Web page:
World Sign
Vol. 53: Wall Signs in the Baltic Nations

The three Baltic nations of Estonia, Latvia and Lithuania achieved independence as republics following the breakup of the Soviet Union in 1991. Prior to that, their history had been one of submission to more powerful neighboring nations such as the Soviet Union, Germany and Denmark.

Entering the Baltic region from Russia, one immediately senses something different in the air. The atmosphere is more open and more closely resembles Western Europe. The vivid colors in the streets and the interiors of the hotels are lighter and more sophisticated. But more than anything else, it is the expression on people’s faces that is completely different. It is astonishing how differences in political systems can bring about differences in people’s expressions.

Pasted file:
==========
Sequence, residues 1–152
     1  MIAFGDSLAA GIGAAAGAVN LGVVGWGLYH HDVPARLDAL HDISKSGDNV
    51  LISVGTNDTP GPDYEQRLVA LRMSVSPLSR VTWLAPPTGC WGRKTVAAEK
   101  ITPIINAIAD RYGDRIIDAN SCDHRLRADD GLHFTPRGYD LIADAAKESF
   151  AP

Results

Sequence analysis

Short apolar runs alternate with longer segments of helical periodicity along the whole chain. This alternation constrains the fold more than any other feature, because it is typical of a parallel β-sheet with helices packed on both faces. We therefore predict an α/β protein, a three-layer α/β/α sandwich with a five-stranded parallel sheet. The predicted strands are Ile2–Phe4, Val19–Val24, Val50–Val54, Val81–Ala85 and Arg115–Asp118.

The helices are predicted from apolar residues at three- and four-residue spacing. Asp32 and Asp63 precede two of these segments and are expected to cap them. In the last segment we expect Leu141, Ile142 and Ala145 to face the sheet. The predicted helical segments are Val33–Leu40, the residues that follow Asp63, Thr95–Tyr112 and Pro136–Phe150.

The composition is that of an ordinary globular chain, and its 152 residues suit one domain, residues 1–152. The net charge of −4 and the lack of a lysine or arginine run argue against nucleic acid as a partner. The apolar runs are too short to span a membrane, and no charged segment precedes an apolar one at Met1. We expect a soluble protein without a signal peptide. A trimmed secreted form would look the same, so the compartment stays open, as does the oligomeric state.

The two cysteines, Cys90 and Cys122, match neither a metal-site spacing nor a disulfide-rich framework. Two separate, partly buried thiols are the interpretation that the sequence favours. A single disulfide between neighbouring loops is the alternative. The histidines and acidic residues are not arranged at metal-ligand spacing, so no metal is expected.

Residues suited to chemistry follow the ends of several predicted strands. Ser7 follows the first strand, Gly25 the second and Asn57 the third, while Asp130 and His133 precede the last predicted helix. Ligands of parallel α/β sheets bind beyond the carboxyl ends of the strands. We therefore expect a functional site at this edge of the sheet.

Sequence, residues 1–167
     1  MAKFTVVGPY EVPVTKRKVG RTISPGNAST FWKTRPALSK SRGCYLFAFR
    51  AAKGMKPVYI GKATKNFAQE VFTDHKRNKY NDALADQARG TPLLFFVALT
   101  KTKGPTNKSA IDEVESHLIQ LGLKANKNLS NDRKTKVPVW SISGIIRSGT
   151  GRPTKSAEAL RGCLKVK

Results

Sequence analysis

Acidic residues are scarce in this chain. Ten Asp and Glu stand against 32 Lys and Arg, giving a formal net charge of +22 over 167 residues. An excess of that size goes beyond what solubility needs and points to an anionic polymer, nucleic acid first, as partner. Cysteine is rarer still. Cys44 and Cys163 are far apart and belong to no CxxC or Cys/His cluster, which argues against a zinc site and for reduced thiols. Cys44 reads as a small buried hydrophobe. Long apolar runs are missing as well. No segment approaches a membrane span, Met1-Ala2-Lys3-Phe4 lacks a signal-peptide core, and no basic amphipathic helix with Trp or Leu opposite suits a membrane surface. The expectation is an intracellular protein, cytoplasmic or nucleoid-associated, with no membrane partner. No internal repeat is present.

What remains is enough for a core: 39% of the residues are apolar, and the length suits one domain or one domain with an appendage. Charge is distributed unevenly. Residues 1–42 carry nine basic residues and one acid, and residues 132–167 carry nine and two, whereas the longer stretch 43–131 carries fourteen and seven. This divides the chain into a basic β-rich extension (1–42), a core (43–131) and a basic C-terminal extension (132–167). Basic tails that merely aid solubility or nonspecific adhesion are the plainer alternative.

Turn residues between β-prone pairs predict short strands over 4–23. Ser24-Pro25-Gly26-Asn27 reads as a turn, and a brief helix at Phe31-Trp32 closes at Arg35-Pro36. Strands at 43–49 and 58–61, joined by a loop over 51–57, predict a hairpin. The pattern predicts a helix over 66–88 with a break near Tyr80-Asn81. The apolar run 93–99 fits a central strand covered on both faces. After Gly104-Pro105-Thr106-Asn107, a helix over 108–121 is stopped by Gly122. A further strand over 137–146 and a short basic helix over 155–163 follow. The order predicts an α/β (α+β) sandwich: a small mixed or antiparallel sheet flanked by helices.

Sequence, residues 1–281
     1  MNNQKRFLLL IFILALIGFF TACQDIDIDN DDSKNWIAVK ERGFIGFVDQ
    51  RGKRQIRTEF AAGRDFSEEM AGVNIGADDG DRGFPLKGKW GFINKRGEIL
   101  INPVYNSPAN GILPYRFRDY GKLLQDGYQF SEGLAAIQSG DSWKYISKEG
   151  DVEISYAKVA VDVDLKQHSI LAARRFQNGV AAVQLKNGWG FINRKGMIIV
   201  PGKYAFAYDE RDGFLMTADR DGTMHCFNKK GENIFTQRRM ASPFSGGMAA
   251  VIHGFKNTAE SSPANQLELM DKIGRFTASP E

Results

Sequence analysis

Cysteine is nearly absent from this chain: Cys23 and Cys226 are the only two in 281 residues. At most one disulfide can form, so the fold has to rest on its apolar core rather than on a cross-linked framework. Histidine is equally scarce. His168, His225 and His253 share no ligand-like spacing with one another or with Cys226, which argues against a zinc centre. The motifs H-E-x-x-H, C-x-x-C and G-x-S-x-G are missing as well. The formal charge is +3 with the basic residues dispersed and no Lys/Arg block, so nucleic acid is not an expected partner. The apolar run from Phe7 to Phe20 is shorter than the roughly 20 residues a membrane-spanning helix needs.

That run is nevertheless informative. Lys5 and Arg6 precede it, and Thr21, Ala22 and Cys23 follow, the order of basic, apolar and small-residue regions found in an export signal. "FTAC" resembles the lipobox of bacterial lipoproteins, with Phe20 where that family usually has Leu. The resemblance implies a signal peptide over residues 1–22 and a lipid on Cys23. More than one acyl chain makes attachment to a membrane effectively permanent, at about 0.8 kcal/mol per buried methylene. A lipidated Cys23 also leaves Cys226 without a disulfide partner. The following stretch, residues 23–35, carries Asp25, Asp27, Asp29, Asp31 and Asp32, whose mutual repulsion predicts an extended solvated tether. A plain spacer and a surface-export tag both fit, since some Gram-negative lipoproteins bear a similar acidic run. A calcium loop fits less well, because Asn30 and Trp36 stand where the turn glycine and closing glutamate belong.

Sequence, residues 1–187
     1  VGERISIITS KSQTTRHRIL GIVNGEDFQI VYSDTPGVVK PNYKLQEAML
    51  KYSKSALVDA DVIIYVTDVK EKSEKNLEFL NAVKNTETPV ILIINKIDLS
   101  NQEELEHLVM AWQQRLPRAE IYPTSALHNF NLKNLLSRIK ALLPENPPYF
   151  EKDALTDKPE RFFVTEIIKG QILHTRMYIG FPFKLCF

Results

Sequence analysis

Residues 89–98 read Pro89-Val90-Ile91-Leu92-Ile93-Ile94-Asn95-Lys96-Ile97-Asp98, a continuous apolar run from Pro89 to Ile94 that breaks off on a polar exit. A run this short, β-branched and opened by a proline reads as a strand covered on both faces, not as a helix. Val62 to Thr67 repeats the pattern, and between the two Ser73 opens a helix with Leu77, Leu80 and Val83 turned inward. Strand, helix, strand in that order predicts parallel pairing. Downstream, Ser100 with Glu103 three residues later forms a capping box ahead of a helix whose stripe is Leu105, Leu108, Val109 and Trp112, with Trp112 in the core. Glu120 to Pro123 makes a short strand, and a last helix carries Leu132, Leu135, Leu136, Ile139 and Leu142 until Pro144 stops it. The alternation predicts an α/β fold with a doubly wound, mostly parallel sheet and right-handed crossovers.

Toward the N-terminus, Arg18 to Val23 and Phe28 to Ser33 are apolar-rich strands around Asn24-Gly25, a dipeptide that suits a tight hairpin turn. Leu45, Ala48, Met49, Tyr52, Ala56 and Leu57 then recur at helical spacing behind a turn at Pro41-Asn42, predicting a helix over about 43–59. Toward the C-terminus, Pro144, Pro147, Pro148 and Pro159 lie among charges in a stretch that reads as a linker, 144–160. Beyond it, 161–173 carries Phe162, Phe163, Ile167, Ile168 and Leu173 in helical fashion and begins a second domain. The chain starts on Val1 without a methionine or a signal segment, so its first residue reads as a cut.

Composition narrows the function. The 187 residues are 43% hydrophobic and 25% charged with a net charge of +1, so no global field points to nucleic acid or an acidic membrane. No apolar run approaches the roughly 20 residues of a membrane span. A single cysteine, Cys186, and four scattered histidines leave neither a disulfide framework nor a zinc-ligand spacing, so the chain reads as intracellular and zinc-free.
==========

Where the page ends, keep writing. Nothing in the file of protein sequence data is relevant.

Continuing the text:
There were many outstanding signs in these countries. I was particularly impressed by the painted signs covering complete wall surfaces. The end walls of houses facing city squares and streets in Japan tend to be opened up with windows and verandas to allow light and wind to enter, but in the Baltic region these end walls tend to be blank walls used more often than not as advertising space. Perhaps environmental art might be a more appropriate description than advertising. The patterns are usually bright with a relatively small area given over to lettering.

This photographs was taken at Kaunas, the second largest city in Lithuania. Kaunas is a relaxed and dignified city that retains a medieval atmosphere.

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